Hello Handsome! Part 1: How?

1350 on the dyno at Mercury Racing. With the air boxes and covers removed, one can view some of its inner beauty.

Two years ago, I received a call from Skip Braver, owner of Cigarette Racing. He had just received the first 1350 for his AMG Cigarette: “I don’t want your head to explode, but that is one, handsome engine. Just gorgeous!” Thanks, Skip. Flattering. But how did “handsome” happen?

AMG Cigarette: Form follows function. Beautifully. (Photo courtesy of Cigarette Racing)

Function. First, beauty is deep in the soul of Mercury Racing’s QC4v platform, as well as on the surface: it works as intended; it fulfills the needs and desires of its owners better than any engine offered before. In short, it functions as it should (and better than most customers expected). Function defined the structure.

Form. Second, form followed function. I’ve become somewhat infamous for a comment I made back in the 1980s: “Where is it written, that because it is strong, it must be ugly?” This was a discussion with my manufacturing guy at that time, the late Bill Hackbarth. Bill, a stubborn pragmatist, didn’t like the form of the Kiekhaefer sterndrive (now #6) because he couldn’t figure out how to hold the curvacious upper gear housing in a machining fixture. We changed the form, adding a big lug, so he could clamp it tight. When machining was done, we ground that part back off. Propulsion should look good, but… Form follows function.

Erik Christiansen with his baby: the proof-of-concept QC4v’s 1st prototype.

Twenty years later, I had another blank canvas – Erik Christiansen’s concept that would become the QC4v platform. Power, torque and durability targets dictated pressure charging, displacement and the valve train approach. The “packaging envelop” (fitting in available space) dictated the V-8 configuration. Air, fuel, exhaust, oil and cooling water flows dictated most of the rest of the functional space requirements. Then, what could it look like? What should it look like? Certainly, not like our first proof-of-concept prototype.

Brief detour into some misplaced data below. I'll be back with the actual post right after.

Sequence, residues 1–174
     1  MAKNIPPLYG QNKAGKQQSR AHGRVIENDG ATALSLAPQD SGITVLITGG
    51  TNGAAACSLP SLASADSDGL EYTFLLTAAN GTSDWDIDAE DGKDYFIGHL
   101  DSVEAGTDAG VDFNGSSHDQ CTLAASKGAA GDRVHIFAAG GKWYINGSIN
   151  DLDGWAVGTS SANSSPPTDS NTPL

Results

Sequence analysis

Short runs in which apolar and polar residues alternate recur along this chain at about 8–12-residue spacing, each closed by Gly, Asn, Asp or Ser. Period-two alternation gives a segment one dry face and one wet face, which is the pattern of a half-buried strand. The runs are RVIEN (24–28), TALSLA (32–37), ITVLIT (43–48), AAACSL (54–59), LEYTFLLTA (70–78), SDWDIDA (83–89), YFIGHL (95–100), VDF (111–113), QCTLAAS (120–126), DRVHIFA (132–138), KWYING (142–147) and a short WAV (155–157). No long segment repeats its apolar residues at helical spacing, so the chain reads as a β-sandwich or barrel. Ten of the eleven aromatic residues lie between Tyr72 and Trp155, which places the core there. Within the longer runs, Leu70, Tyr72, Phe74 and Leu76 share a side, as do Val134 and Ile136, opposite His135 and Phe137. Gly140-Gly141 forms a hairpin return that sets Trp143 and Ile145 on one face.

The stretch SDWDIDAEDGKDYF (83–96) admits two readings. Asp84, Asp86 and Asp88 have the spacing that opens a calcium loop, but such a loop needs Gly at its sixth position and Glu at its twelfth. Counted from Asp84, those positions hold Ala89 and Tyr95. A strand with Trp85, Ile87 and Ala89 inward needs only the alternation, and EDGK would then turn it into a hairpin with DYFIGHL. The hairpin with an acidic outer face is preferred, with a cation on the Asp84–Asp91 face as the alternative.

Impression. With a performance boat, the engine compartment is a place of great impressions – a showcase of power and style – as well as practicality. In my view, an engine should communicate its technology without being superfluous. Components need to be protected, yet serviceable. Its surfaces should be durable and easily cleaned. It should be easily color customized to fit a boat’s individual design theme – whether subtle or outrageous. Either way, it needs to make an impression just sitting there! And it must fulfill that impression when under way. Form follows function.

The engine bay of Mike Stevens’ DCB M35, filled with 1350s, is just brilliant!

Language. Styling folks, like most professionals, like to talk with their own short-hand jargon. I’ve been around enough of them to have heard things like “design DNA” (Porsche’s particularly big on that one) and lines suggesting “movement” (Todd Dannenburg, styling don at Mother Mercury, uses both). But my all-time favorite is “negligee” – no, really, even as a design concept! Negligee is a design element that hints of a prize beneath – like the mesh screen over the engine on a Porsche Carrera GT – just a peak, suggestive and promising, but not too revealing.

Porsche negligee modeled by two CGT hotties!

Well, all these styling concepts can be found when looking closely at our 1350 – some are even there on purpose! In my next posts, I’ll show you my methods and some of the resulting details.

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